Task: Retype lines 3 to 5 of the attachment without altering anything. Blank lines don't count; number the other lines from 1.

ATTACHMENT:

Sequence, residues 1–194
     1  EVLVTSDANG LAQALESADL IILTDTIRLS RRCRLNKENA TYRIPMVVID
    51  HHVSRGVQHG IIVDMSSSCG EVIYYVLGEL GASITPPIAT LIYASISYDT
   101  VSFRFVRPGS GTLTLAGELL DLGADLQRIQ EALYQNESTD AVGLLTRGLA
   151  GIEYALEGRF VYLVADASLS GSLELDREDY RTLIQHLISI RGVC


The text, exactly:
    51  HHVSRGVQHG IIVDMSSSCG EVIYYVLGEL GASITPPIAT LIYASISYDT
   101  VSFRFVRPGS GTLTLAGELL DLGADLQRIQ EALYQNESTD AVGLLTRGLA
   151  GIEYALEGRF VYLVADASLS GSLELDREDY RTLIQHLISI RGVC